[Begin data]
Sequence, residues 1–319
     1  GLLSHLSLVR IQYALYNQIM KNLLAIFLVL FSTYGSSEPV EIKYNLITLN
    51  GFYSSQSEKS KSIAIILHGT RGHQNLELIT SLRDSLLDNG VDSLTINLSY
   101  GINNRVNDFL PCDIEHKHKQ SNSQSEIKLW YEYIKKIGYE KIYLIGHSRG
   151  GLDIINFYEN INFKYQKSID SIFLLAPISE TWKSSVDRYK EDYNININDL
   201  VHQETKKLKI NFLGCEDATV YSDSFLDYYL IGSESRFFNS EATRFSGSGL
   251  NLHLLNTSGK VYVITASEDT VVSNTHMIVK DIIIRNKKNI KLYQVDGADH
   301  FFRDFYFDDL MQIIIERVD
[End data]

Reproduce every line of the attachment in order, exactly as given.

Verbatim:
Sequence, residues 1–319
     1  GLLSHLSLVR IQYALYNQIM KNLLAIFLVL FSTYGSSEPV EIKYNLITLN
    51  GFYSSQSEKS KSIAIILHGT RGHQNLELIT SLRDSLLDNG VDSLTINLSY
   101  GINNRVNDFL PCDIEHKHKQ SNSQSEIKLW YEYIKKIGYE KIYLIGHSRG
   151  GLDIINFYEN INFKYQKSID SIFLLAPISE TWKSSVDRYK EDYNININDL
   201  VHQETKKLKI NFLGCEDATV YSDSFLDYYL IGSESRFFNS EATRFSGSGL
   251  NLHLLNTSGK VYVITASEDT VVSNTHMIVK DIIIRNKKNI KLYQVDGADH
   301  FFRDFYFDDL MQIIIERVD